Homeless moms vow to keep fighting after being forcibly evicted from vacant Oakland house
Moving into the house was 'an act of desperation,' says evicted woman Dominique Walker
Dominique Walker says she was forced out of the home where her son took his first steps so a private company can profit from her city's housing crisis.
Walker is one of several homeless mothers who were evicted Tuesday from a vacant house on Magnolia Street in Oakland, Calif., which they'd been living since November.
"My son took his first steps in the house on Magnolia Street. He said his first word in that house. My daughter celebrated her fifth birthday in that house," Walker told As It Happens host Carol Off.
"I've seen my children develop just from having shelter. It is a basic need. It is a basic human right."
Police raid at 'Mom's House'
Alameda County Sheriff's deputies showed up on Magnolia Street before dawn Tuesday and used a battering ram to break down the fortified door of the three-bedroom home the women and their supporters have affectionately dubbed "Mom's House."
The officers, some clad in military-style fatigues, were enforcing an eviction order issued Friday by Alameda County Superior Court Judge Patrick McKinney.
Several of the women and their supporters were arrested, their hands bound with plastic ties, while dozens of activists outside recorded the scene with their phones and chanted "Let the moms go!"
Walker wasn't in the house when the police showed up, but she says she knew the moment was coming, especially after spotting police cruisers in the neighbourhood the previous evening.
"We sent out a mass text to our supporters. In a matter of 15 minutes, there were 300-plus people ready to defend Mom's House," she said. "I feel that this is the beginning of a movement for housing for all."
Sgt. Ray Kelly, spokesman for the Alameda County Sheriff's Office, said two women and a man inside were arrested after they refused to leave, and fourth person was arrested outside the house.
They will be booked on misdemeanour charges of resisting and obstruction, he said. No children were present during the 5:15 a.m. eviction.
Wedgewood Inc., the California real estate investment group that owns the house, said in a statement it was pleased "the illegal occupation of its Oakland home has ended peacefully."
'They have blood on their hands'
Walker says she struggled for months to find affordable housing in Oakland. During that time, she and her two children — a one-year-old boy and a five-year-old girl — bounced around between hotel rooms and relatives' houses.
Eventually, she says she connected with other mothers in the same predicament.
Fed up, the mothers formed the collective Moms 4 Housing and moved their families into the vacant home at 2928 Magnolia Street in West Oakland on Nov. 18.
"This was an act of desperation of mothers who had the courage to stand up for their children," Walker said. "And we've had enough."
It was partly a last-ditch effort to find housing, she said, and partly a protest against what the group says are predatory businesses that snap up distressed homes and leave them vacant in a city with a growing homelessness crisis.
"They have no business being in our communities. They're profiting off of harm. They have blood on their hands," Walker said.
The group EveryOneHome recorded 4,000 homeless people in Oakland in a one-night count in July — a rise of 47 per cent over the last two years, the Mercury News reports. Federal officials say an uptick in the U.S. homeless population last year was driven entirely by a 16 per cent increase in California.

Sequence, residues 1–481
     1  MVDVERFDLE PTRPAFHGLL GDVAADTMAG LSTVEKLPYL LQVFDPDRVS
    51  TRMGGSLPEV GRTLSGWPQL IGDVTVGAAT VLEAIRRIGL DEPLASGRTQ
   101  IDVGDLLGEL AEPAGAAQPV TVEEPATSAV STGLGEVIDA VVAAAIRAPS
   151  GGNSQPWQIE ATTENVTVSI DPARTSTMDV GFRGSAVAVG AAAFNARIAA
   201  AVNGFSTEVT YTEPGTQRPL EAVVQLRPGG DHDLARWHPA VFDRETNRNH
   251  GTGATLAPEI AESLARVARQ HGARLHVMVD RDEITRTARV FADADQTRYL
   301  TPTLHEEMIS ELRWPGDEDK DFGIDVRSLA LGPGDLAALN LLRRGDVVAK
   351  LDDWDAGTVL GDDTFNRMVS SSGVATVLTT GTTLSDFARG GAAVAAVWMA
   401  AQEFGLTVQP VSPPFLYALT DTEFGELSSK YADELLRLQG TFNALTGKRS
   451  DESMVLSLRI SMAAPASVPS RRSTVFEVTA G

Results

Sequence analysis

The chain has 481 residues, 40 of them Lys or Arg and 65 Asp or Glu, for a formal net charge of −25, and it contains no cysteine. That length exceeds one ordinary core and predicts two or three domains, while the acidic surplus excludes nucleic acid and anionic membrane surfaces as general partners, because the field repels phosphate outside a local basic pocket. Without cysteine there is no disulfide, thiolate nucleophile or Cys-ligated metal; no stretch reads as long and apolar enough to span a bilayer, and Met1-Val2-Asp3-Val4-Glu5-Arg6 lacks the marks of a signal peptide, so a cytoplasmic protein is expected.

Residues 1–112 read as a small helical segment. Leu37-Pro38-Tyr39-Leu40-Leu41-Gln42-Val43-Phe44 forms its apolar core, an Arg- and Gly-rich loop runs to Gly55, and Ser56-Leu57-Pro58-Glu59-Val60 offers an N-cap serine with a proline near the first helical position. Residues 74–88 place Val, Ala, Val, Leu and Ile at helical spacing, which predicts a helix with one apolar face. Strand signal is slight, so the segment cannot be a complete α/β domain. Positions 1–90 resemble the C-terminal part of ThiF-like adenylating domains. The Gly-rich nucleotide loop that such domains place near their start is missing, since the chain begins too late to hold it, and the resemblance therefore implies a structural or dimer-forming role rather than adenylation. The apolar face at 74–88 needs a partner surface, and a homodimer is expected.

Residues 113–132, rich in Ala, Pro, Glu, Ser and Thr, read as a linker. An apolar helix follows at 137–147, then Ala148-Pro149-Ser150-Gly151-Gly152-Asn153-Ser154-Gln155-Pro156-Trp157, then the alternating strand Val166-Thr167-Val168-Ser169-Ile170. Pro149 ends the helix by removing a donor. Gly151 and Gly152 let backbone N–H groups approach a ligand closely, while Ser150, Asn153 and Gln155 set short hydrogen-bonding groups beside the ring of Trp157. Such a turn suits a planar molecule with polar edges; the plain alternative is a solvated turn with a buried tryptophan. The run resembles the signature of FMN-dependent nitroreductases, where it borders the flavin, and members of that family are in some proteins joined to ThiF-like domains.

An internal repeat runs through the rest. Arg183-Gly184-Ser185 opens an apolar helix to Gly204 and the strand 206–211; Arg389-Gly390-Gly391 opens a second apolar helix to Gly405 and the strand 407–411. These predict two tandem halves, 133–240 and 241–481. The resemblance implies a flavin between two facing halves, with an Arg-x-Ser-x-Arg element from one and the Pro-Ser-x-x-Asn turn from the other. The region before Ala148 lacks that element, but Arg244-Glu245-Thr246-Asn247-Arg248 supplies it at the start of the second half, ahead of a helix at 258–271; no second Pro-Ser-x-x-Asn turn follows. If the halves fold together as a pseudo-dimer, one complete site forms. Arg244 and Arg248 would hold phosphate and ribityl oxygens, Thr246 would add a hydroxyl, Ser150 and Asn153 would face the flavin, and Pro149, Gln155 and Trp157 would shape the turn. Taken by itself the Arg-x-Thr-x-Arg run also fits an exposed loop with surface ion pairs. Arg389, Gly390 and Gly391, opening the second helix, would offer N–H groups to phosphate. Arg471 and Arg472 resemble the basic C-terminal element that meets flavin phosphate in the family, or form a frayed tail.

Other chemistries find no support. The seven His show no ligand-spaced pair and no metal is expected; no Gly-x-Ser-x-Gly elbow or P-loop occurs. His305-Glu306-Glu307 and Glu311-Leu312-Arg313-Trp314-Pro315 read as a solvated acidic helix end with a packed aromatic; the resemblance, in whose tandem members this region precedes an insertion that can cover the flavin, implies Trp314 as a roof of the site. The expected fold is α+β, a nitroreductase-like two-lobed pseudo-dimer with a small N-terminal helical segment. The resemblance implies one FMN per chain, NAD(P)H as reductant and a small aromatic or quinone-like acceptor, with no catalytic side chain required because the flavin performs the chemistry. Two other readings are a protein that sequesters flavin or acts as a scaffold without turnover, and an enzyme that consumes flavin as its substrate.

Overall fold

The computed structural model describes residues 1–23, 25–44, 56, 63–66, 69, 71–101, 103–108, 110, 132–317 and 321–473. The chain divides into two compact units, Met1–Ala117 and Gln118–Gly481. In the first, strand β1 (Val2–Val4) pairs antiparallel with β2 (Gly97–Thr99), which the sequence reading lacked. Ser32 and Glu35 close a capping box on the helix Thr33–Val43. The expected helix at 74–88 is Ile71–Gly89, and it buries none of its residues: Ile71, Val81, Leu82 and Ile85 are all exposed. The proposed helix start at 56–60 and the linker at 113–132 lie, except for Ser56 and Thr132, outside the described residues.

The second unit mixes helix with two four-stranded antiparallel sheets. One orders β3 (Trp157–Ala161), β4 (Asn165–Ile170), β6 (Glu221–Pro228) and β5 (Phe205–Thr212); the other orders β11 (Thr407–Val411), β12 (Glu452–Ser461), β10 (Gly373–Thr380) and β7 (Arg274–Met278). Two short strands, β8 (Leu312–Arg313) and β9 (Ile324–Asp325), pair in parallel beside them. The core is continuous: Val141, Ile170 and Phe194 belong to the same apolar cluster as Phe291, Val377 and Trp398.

Wedgewood bought the Magnolia Street property at a foreclosure auction last year for just over $500,000 US. It was vacant for 2 ½ years before the moms moved in.
"They profited off the foreclosure crisis," Walker said. "Their main objective is to either hold [the homes] until they can profit from them, or flip them for a price that folks from Oakland can't afford."
Before they were evicted from the house, Walker says she and the other moms tried to buy the home, with help from a local land trust, offering the same price Wedgewood paid for it.
"They refused to sell the house to us," Walker said. "This house means nothing to them. They have a catalogue of properties that they own."
Wedgewood said it plans to work with the non-profit group Shelter 37 to renovate the property with help from at-risk youth and will split profits from the home's sale with Shelter 37.
'It was never about this one house'
The women of Moms 4 Housing, meanwhile, say the fight is far from over.
"It was never about this one house. It's about all unhoused folks," Walker said.
"This is not only a Moms 4 Housing issue or an Oakland issue. This is a human rights issue. This is the new civil rights movement."
The group is not alone in their methods.
Needa Bee, a homeless mother who works with The Village in Oakland group to shelter homeless people, told The Associated Press her organization has identified nine unoccupied homes over the last year for 40 homeless people.
Some are homes owned by banks and investment firms, she said. Others are homes owned by people having trouble paying property taxes, who welcomed the homeless as tenants in exchange for the group's help paying taxes or making repairs.
As for Walker, she says she and the other families from Magnolia Street will be OK.
"Our community has our backs. Folks have offered us places to stay," she said. "That's what this movement is about."
Written by Sheena Goodyear with files from The Associated Press. Interview with Dominique Walker produced by Morgan Passi.